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This study fits into an overall strategic plan to establish linearised amplifier products that have applications in larger systems as well as being ‘stand-alone’ developments. The study will review three candidate linearising techniques which can be subsequently used in the development of a standalone, linearised High Power Amplifier (HPA) for the AVSAT terminals market.
The study is the ARTES 5.2 part of the above block diagram which provides the linearising technique to be used in the ARTES 3-4 amplifier development.
CDE will use its GaN PA to determine the characteristics needed by the lineariser. Three candidate techniques have been identified:
The objectives of the study are to:
There are several key issues to be addressed:
CDE has developed a Gallium Nitride-based (GaN) SSPA design which takes advantage of the greater efficiency offered by this new type of semiconductor. With a working prototype already in operation, CDE consider that one of the basic “building blocks” is now close to market.
Exploiting the potential of a GaN-based power amplifier requires that some form of lineariser is included in the amplifier architecture and CDE has, through its own corporate contacts, access to several candidate linearisation approaches.
This proposed ARTES 5.2 development enables CDE to identify the most appropriate linearising technique to be used in conjunction with its power amplifier developments. This will result in an innovative range of high efficiency power amplifier products that will principally address terrestrial markets as well as some niche space-borne applications.
The overall architecture is as shown in the “Project Objectives” section above.
There are three sequential work packages:
The project is now finished.
All WP are complete:
In WP1000 a GaN PA module was built to ensure we had a sufficiently reliable unit on which to conduct tests. The PA was characterised for AM-AM and AM-PM. The AM-PM characteristic is not significant (as expected for a GaN PA) and is discounted.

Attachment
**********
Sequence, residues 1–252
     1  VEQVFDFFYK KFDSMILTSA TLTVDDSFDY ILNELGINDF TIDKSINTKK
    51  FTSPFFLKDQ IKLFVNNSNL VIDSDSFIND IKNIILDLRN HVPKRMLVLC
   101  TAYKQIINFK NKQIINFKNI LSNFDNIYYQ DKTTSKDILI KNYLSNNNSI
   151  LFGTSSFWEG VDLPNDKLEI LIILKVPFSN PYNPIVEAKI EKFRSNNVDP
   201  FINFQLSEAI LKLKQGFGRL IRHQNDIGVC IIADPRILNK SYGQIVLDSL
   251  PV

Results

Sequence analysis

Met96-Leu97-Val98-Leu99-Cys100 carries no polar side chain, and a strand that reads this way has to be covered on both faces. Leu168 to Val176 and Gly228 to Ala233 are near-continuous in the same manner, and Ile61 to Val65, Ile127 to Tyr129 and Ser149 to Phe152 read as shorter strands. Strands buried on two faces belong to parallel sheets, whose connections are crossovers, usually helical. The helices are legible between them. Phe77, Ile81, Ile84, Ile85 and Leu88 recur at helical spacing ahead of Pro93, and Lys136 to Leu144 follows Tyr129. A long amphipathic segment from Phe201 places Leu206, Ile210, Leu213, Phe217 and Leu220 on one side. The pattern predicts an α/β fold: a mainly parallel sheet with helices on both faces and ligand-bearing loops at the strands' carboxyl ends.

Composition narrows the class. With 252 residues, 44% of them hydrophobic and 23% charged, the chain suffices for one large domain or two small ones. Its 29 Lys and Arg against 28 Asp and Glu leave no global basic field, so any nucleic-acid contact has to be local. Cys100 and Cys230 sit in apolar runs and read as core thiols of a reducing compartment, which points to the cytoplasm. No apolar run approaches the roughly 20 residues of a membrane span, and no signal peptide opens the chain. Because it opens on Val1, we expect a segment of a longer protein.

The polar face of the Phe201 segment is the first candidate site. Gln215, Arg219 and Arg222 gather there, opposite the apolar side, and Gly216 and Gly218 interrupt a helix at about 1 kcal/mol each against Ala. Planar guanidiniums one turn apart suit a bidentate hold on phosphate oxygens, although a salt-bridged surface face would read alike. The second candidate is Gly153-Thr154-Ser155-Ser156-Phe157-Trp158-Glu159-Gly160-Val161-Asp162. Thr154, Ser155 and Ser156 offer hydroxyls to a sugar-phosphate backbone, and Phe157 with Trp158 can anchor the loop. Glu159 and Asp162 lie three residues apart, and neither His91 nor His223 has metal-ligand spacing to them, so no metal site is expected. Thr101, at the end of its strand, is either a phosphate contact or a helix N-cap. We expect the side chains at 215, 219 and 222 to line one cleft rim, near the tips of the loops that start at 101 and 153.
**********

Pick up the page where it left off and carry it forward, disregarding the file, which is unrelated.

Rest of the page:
The High Order polynomial function was reviewed in WP2100. Although the techniques look promising and offer much closer curve fitting, the practical and industrial realisation, either at RF or IF requires substantial process development to implement the complexity of ASIC required.
The diode predistorter is a conventional technique and WP2200 used a “standard” implementation as a basis for evaluating the linearised PA. Although cost-effective and implementable in the short term, the performance was marginal some way short of the required output power for the BGAN application. Consultation with the University of Manchester indicates, from further simulation and modelling, that a more complex implementation incorporating circuitry to match pre-distorter and amplifier third order signal levels can generate the required improvements in amplifier efficiency.
WP2300 comprised the review of testing carried out by the Canadian Communication Research Centre (CRC) of a patented digital predistorter and the CDE GaN PA. There is a viable performance improvement through the use of this technique, albeit more complex.
WP3000 summarised the relative merits of the three approaches and concludes that the WP2300 Digital Predistorter and the WP2200 Diode Predistorter, as enhanced by the techniques identified by Uni of Manchester, are suitable for incorporation in subsequent CDE amplifier products.